In the event a proximal connector is to be used to complete a coronary bypass procedure, it may be connected to graft (6) in a similar fashion or as described variously in the references cited above. Still, as noted above, a distal connector may alone be used, with the proximal anastomosis to be accomplished otherwise. While it need not be the case, the distal connector will preferably be deployed before making the proximal connection.
Once a graft/connector combination is prepared, the assembly is then preferably engaged with a deployment device (52). The deployment device may be provided as in FIG. 12A, however, alternate devices are envisioned.
FIG. 11A shows a deployment device (52) similarly adapted to draw back band (40) while advancing rear segment (18) in a manner similar to the deployment device shown in FIG. 12A. Interface section (58) captures band (40) while hook (100) advances rear segment (18). To accommodate differences in anatomical access locations or paths, it is also possible to orient the end of the deployment device shown in FIG. 11A at another angular orientation as shown in FIG. 11B. In this case, the instrument head is shown rotated approximately 90°. It is also noted that the deployment device in FIG. 11A optionally includes interlocking members (102) and sprung arms (104), that work in conjunction with each other to provide a more user-friendly device able to provide a more stable, user-friendly device to maintain a connector in a state ready for deployment.
Alternate deployment mechanisms are portrayed in FIGS. 13A, 13B, 14 and 15. The deployment device in FIGS. 13A and 13B includes a primary handle (106) and an actuator handle (108). When actuator handle (108) is advanced, band grasping interface member (110) with interface section (58) is advanced as shown in FIG. 13B. Pin (112) within opening (114) limits the extent to which it may be advanced or withdrawn. When band interface member (110) is retracted as shown in FIG. 13A, to draw band (40) back from lead segment (16), the rear segment of a fitting abuts interface section (60) to ready the connector for deployment.
FIG. 14 shows another type of deployment device (52). In this variation, a handle portion (116) and an actuator portion (118) to be slidably received by handle portion (116) is used by hooking rear segment (18) in retractor opening (120) and drawing it into recess (122) when connector (4) is set in receptacle section (124).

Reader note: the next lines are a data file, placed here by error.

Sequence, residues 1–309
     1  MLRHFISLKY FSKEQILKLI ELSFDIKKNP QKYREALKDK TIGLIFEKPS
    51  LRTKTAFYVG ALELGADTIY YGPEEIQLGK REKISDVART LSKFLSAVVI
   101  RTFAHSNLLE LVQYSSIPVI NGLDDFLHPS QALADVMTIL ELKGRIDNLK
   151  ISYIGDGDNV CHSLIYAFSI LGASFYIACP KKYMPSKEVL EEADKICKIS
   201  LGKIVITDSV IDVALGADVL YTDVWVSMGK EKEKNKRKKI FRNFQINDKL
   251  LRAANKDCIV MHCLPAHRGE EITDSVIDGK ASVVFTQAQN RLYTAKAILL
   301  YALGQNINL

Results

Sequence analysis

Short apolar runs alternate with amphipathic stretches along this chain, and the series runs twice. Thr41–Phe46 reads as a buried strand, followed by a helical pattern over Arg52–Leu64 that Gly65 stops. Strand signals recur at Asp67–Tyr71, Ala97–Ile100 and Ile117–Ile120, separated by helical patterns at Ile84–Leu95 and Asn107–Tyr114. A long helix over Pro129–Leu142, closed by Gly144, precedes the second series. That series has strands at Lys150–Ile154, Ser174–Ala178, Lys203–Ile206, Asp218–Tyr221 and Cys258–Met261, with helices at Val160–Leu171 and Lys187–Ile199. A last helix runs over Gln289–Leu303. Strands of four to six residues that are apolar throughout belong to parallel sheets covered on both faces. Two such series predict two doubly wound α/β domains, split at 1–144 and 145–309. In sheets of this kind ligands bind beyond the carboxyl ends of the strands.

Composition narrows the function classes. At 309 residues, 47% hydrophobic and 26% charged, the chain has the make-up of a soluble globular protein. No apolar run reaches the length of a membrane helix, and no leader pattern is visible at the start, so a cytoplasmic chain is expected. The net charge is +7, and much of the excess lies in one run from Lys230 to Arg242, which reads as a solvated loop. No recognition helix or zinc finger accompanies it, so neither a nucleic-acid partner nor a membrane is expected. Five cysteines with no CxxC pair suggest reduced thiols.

FIG. 15 shows an end section (126) of yet another type of deployment device. This variation is adapted for sideways deployment of a connector. In combination with each other, top and bottom portions (128) and (130) restrain a connector, compressing rear section (18) ready for connector deployment. A deployment mechanism incorporating side-deployment end section (126) may be advantageously used in situations where access to the host vessel is hindered by little clearance due to a small thoracic cavity or difficult vessel orientation. The graft of a graft/connector combination is received in guide section (132), and stop (134) limits how deeply the combination may be set into the deployment device end section (126).
It is preferred that connector (4) be set and prepared for deployment within a deployment device before taking invasive action at the target site for a distal anastomosis. Regardless, a distal anastomosis site is prepared by creating an initial puncture, for instance, with the tip of a number 11 blade scalpel. Next, this opening is preferably extended longitudinally with scissors to about 3 mm to 7 mm in length depending on the vessel size. Most often, a longitudinal slit of about 5 mm is preferred. Scissors are advantageously provided in connection with an instrument as shown in FIG. 11A, modified with scissors ends (132) as shown in FIG. 11C. Otherwise, standard Potts scissors may be used.
It may be preferred to use a stabilizing member (134) to help accomplish the arteriotomy. FIG. 8 shows a suitable device. It includes a handle (136) and an endpiece (138). A bridge (140) provides clearance for a coronary artery, while feet (142) are set against the heart of a patient. Gradations or other indicators in endpiece (138) help provide a visual indication for creating appropriately long arteriotomy. Once an arteriotomy of sufficient length has been created, it is preferably held open by arms (142) of a spreader (92) as shown in FIG. 7.
At this stage, connector (4) is deployed. This is preferably performed by advancing leading section (16) through the arteriotomoy, and then such lateral features (20) of fitting (10) as may be provided. Deflected rear segment (18) is then advanced into host vessel (8) and released to assume a position as shown in FIG. 1 in order to secure the connector. Particularly in those variations of the invention as described above where movement of rear segment articulates side portions (20), movement of rear segment (18) to an host-vessel engaging position will also cause affected side portions (20) to engage the sides of host vessel (8) to maintain connector (4) in place.
In instances when a collar (12) is used in connector (4), it is also released to compress front portion (48) of graft (6) against host vessel (8). Release of collar (12) may also result in compressing graft (6) against portions of host vessel (8) opposed by lateral fitting portions (20), especially if complimentary lateral collar portions (44) are provided.
Once in place, the completed anastomosis is checked for leakage. This may be done before and/or after an anastomosis at the proximal site is complete. At minimum, an inspection of the distal connection should be made when blood is flowing through graft (6). If leakage is detected, and it cannot be remedied by adjustment of the graft or collar, the anastomosis site may be packed or bioglue (e.g., as available through Cryolife in Kennesaw, Ga.) or a stitch of suture material may be applied.
In extremely rare instances where these steps do not prove adequate, it may be necessary to remove connector (4). After removing with any supplemental means applied in effort to provide hemostasis, connector (4) may be removed by reversing the procedure for its deployment.